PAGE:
Board minutes from in July showed discussions were held around the available options for securing redress for BSPS members.
But the FCA board decided against it at the time saying it didn't have "sufficient information" but the matter was still under review.
Meanwhile the National Audit Office is due to carry out an investigation into the FCA’s work on BSPS, which is scheduled for Spring 2022.
The BSPS case
Three years ago British Steel Pension Scheme members were asked to decide whether to move their DB pension to a new plan, BSPS2, or stay in the existing fund, which was then moved to the PPF as part of a restructuring of pension liabilities, or to transfer out altogether.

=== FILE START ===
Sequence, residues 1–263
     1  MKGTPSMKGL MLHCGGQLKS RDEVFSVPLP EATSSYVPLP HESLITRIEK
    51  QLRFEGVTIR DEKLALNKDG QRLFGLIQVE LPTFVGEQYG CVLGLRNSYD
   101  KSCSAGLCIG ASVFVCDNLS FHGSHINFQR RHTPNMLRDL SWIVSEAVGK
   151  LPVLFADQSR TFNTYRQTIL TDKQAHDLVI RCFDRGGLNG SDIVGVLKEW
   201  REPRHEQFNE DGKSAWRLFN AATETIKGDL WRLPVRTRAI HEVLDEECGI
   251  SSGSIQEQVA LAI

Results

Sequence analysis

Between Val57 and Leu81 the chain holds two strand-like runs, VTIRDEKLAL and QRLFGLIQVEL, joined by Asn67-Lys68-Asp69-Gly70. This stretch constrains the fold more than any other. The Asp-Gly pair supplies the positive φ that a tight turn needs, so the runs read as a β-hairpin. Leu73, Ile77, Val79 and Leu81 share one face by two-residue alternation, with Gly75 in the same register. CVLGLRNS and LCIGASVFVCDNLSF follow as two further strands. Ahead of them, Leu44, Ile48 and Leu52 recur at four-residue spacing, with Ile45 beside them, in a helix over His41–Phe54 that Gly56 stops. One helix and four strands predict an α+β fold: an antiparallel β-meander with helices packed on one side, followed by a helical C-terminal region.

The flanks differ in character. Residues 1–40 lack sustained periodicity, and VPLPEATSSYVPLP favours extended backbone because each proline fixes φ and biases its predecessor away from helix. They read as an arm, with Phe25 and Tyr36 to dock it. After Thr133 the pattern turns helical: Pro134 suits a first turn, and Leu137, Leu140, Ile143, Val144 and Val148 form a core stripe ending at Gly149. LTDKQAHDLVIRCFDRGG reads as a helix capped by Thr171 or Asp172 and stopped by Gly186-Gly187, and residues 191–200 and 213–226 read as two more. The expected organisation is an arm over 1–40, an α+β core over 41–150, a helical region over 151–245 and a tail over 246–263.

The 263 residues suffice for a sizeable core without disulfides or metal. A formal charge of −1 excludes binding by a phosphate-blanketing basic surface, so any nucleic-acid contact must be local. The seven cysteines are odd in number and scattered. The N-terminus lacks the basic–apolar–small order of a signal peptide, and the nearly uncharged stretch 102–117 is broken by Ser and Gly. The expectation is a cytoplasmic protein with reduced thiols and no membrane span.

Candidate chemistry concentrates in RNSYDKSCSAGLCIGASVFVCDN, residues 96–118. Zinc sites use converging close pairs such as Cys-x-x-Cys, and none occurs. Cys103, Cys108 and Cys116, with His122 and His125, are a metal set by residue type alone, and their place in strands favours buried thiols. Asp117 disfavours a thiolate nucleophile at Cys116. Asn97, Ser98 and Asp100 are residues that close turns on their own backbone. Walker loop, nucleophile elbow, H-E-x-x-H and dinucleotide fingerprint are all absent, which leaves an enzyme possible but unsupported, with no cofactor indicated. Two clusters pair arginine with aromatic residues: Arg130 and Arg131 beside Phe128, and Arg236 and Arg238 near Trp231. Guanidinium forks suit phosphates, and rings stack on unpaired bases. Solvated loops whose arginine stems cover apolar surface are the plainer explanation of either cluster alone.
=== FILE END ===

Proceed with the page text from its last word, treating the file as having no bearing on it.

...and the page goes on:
As a result about 8,000 members transferred out of the old scheme, with transfers collectively worth about £2.8bn.
But concerns about the suitability of the transfers were soon raised, leading to an intervention from the FCA that resulted in a number of advice firms – key players in the debacle – stopping their transfer advice service, while others went out of business.
Over recent months, the FCA, along with the Financial Ombudsman Service, the Financial Services Compensation Scheme, and MoneyHelper, have travelled to Swansea and Scunthorpe to hold one to one sessions with steelworkers to discuss their situations and offer help.
The regulator said DB advice firm numbers have shrunk from 3,000 in 2018 to 1,200 now.
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